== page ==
The kangaroo has been a symbol of Australia since 1773, after an official accont of Captain Cook's voyage to Australia was printed in England. In the account was the first ever published illustration of a kangaroo, using an engraving made of a specimen that was brought back to England from the Endeavour River (in Far North Queensland). The distinctive features of this unusual marsupial helped it capture the imagination of the public across Britain and Europe.
The first published illustration of a kangaroo, in 1773.
The kangaroo was included in Australia's Coat of Arms in 1908, giving it official recognition. Along with the emu which sits on the other side of the shield, these two native Australian animals represent the nation moving forward. Both the kangaroo and emu can only move backwards with great difficulty.
A Lancaster bomber of the RAAF No. 463 Squadron with nose art showing a kangaroo. In its pouch is a joey punching Adolph Hitler.
In the Second World War, some units of the Australian airforce based in Singapore and Malaya began to paint boxing kangaroos on the their fighter planes, as "nose art", in an effort to distinguish them from British planes. This practice soon spread across other units of the airforce, as well as the Royal Australian Navy. The official symbol now used on RAAF planes and RAN ships is a red kangaroo.
A German poster of a kangaroo boxing a man, from the 1890s.
Contrary to popular belief (both in Australia and overseas), kangaroos do not actually punch or box. When male kangaroos engage in combat, they instead balance on their tales and use their powerful hindlegs to kick at their opponent and attempt to tear them apart, using their sharp claws. They often use their smaller forelegs to try hold their opponent in place, which is what gives the impression that they are "boxing". Sometimes kangaroos try to claw their opponent's eyes out.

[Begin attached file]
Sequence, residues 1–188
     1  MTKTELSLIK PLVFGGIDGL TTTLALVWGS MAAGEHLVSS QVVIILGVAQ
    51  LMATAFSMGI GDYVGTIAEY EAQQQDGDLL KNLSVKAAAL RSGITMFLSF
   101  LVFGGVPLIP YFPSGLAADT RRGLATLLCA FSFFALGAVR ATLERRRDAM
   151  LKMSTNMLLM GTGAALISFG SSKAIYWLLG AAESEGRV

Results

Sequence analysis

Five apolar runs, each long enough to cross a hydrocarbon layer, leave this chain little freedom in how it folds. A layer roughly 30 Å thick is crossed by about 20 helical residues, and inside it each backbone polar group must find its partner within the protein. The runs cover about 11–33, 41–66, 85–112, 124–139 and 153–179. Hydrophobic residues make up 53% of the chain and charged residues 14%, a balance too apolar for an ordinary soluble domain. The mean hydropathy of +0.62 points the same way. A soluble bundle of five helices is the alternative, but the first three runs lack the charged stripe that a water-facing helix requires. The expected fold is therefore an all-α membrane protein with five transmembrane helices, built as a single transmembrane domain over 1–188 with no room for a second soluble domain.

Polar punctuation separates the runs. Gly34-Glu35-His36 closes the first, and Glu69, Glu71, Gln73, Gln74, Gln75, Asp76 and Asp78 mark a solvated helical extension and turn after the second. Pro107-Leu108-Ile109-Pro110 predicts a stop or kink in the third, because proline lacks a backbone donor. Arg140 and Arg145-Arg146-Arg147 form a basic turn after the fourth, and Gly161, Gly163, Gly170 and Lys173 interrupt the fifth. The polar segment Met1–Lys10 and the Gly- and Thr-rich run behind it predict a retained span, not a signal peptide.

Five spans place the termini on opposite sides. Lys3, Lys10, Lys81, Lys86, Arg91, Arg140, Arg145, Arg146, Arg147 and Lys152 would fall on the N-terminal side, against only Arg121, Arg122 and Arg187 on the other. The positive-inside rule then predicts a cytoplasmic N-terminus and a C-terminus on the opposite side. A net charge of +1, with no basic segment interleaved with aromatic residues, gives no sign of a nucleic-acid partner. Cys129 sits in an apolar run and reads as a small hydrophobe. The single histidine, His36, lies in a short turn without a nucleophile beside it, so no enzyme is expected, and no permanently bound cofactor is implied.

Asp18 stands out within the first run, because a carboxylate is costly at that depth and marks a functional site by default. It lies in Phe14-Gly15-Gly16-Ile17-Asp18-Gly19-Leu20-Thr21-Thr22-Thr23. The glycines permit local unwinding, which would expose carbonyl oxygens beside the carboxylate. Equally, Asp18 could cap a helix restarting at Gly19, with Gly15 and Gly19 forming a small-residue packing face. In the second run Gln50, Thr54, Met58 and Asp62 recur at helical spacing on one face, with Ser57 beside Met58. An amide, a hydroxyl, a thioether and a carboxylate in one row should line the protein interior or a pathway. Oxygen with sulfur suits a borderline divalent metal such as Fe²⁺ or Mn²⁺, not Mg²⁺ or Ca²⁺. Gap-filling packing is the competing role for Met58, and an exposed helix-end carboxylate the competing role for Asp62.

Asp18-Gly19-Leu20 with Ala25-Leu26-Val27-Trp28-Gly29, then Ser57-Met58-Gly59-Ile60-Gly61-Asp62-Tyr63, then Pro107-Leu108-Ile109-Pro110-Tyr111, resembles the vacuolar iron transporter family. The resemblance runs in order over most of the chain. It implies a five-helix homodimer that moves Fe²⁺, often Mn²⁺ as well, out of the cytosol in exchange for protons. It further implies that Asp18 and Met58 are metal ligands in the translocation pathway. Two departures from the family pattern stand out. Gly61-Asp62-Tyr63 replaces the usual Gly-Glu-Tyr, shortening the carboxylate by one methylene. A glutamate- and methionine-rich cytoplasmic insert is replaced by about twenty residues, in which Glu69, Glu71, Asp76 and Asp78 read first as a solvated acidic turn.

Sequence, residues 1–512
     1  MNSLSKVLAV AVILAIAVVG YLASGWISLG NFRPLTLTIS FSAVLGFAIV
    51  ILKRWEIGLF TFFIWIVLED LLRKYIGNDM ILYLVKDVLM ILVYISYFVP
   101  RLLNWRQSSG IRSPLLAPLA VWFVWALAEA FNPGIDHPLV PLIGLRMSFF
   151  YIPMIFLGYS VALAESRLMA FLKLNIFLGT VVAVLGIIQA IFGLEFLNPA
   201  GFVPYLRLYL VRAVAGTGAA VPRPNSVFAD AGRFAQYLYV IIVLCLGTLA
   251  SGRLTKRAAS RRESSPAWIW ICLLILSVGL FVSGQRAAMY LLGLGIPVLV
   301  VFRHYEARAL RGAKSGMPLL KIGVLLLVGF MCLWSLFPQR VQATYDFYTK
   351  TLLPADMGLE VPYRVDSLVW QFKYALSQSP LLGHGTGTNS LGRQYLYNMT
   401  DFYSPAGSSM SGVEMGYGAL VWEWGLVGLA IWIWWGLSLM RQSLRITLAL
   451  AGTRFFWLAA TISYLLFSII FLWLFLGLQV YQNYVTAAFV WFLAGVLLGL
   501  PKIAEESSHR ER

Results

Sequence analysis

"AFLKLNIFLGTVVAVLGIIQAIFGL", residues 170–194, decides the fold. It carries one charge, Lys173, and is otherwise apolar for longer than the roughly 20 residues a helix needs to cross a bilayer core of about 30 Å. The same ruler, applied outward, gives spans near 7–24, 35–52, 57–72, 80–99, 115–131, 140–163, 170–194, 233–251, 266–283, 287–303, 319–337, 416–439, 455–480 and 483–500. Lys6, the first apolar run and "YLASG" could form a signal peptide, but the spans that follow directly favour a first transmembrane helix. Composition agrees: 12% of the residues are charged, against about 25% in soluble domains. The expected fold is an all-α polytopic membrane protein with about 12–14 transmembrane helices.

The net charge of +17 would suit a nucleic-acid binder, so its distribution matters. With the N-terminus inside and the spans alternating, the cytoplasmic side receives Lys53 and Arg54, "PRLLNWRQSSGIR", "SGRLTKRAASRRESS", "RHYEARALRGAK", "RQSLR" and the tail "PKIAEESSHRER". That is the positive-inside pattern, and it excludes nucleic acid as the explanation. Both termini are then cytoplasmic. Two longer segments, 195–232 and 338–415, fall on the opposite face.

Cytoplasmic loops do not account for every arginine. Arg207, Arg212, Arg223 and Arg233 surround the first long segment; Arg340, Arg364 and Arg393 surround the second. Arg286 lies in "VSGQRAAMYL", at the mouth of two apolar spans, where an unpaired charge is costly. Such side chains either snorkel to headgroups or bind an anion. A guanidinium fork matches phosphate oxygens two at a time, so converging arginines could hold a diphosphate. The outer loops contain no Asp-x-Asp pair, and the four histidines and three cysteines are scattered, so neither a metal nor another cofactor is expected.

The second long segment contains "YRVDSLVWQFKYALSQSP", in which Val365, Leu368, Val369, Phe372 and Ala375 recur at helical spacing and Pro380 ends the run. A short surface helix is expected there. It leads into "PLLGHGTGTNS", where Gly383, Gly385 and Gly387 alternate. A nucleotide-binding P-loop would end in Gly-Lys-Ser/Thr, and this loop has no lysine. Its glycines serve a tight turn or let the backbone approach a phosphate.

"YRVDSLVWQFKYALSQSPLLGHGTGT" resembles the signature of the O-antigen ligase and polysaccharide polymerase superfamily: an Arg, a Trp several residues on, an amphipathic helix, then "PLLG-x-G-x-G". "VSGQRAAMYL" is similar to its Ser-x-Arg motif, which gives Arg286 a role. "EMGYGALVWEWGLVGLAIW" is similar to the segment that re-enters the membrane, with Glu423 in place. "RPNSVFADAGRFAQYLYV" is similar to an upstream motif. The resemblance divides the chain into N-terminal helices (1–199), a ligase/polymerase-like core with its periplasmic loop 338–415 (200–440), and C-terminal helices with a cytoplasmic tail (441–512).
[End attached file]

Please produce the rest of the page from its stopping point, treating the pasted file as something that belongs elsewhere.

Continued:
Even though kangaroos tend to kick and scratch, rather than box or punch as we perhaps like to imagine, they still make for a spectacular show when they are sparring - as you can see in this video filmed by a woman in NSW.
The Australia II, which won the Americas Cup in 1983.
The Boxing Kangaroo flag was made famous by the Australia II team when they won the America's cup in 1983. The Australian crew raised the Boxing Kangaroo on their yacht, instead of the Australian national flag, and declared the Boxing Kangaroo to be their official mascot. Australia's victory in the famous yacht race was remarkable for it ended the 132-year defence of the cup by the New York Yacht Club.
The Boxing Kangaroo flag at the Vancouver 2010 Athletes Village.
The Boxing Kangaroo, sometimes affectionately known as "BK", is often flown by Australians who feel there is something inherently wrong with our national flag. At international sporting events the Boxing Kangaroo is almost as prevalent amongst Australian spectators as the national flag. The Boxing Kangaroo is said to embody the self-confidence and "have a go" fighting spirit of Australians.
If you're interested in owning a Boxing Kangaroo flag, you can buy one here.